Chips from Taiwan’s MediaTek Inc were mostly passed over by the big phone brands a decade ago, with the likes of Nokia and Motorola commanding legions of in-house engineers who could advise on electronics and circuitry.
Fast-forward to the age of the smartphone.
The market is heaving with Chinese smartphone makers out to grab share from Apple Inc and Samsung Electronics Co Ltd with low-priced handsets. Sparking the boom in budget smartphones is MediaTek, now a $23 billion go-to chip designer favoured by margin-conscious phone makers.
MediaTek pioneered bundling low-cost chips with recommendations on hardware such as lenses and speakers. This “system-on-chip” approach saves phone makers the cost of finding and testing parts to match the chips they buy. That in turn allows them to cut prices and, in the past year, seize 10 percentage points of market share from leader Samsung.
Thanks in large part to system-on-chip, the average price of a smartphone should fall to $267 by 2018 from $314 now, showed data from researcher IDC. That compared with a U.S. starting price of $749 for the latest Apple iPhone 6 Plus.
MediaTek says system-on-chip has won it the patronage of every phone brand bar Samsung and Apple. It helped low-priced smartphone maker Xiaomi Technology Co Ltd become the industry’s No.3 in just three years, and is tipped for similar success with Google Inc’s Android One in India.
“You can think about MediaTek as having a franchise business model, like McDonald’s,” Chief Financial Officer David Ku told Reuters. “McDonald’s gives you all the equipment you need, and the initial cost for you is lower.”
MediaTek’s system-on-chip strategy has helped the company’s market value rise 125 percent to T$715.8 billion ($23.39 billion) in less than three years.
The strategy involves collaborating with almost 200 Chinese component makers and handset assemblers to supply MediaTek’s smartphone customers with parts compatible with its chips.
MediaTek built up its supplier network in the feature phone era. At that time, it says, larger rivals sold chips to big phone makers which would employ thousands of engineers to find and test components such as screens for the chips to operate.
“They weren’t really interested in doing business with MediaTek,” Ku said of phone makers.
To differentiate, MediaTek began recommending hardware for its chips and targeting companies with limited means of sourcing and testing components independently. That lowered the barrier to enter the phone business, reduced costs and helped handsets reach the market quicker.
“The smartphone ecosystem compared with the feature phone ecosystem is very similar, if not the same,” said Ku. “It’s all well-connected pipes. It doesn’t matter what product you pump in.”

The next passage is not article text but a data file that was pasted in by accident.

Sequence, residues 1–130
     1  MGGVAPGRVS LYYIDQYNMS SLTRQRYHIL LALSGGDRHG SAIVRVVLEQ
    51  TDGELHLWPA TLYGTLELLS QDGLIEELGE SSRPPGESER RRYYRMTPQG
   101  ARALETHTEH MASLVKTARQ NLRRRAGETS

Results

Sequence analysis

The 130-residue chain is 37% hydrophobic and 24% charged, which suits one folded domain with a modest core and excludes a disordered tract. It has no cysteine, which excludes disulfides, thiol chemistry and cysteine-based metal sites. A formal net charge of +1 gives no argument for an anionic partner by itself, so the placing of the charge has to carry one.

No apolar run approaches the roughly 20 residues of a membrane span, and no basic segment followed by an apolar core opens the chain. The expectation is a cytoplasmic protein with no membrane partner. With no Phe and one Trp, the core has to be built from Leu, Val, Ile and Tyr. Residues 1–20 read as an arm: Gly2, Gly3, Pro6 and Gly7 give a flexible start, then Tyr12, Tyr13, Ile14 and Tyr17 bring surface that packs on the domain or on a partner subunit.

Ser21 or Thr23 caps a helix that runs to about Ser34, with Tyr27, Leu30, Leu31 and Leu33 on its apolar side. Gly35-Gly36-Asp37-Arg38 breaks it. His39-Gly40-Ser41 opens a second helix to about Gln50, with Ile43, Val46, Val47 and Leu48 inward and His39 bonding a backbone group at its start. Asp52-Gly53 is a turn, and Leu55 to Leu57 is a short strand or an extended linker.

MediaTek adds reference designs to basic chip architecture, enabling components to work together. It contracts fabs – or chip factories – to make the chips, which it sells to phone makers along with a list of compatible sensors, microphones and other hardware.
It is the list that saves customers money, helping them make smartphones more affordable – particularly in emerging markets such as China, which accounts for 70 to 80 percent of MediaTek sales.
Thrifty handset buyers have helped MediaTek sales rise at least 40 per cent each month this year, culminating in October’s 56 percent. For the full year, it estimates sales of 350 million smartphone “chipsets” from just 10 million in 2011.
That would amount to 30 percent of the global market, showed Reuters calculations. Fubon Research analyst Carlos Peng estimated nearer 50 percent when excluding chipsets from the likes of Qualcomm Inc and Samsung that are primarily destined for high-priced smartphones.
MediaTek’s sales spurt is largely due to “revolutionary” growth in the value of silicon per handset in function-heavy smartphones versus their far simpler feature phone predecessors, said analyst Rick Hsu at Daiwa Capital Markets in Taipei.
“It was a virtually 100 percent increase in silicon value,” Hsu said. “It spurred demand for a lot of peripheral chips.”
Growth is unlikely to be as marked in the ongoing transition to fourth-generation Long-Term Evolution (4G LTE) connectivity. MediaTek may even struggle with the emergence of 4G in China as it trails Qualcomm in the technology, analysts say.
“The first couple of years of LTE could be very much like the early days of 3G (in 2008-2010), or when MediaTek had to play ‘catch-up’,” Yuanta Securities analyst George Chang wrote in a research note. That “usually leads to pricing erosion.”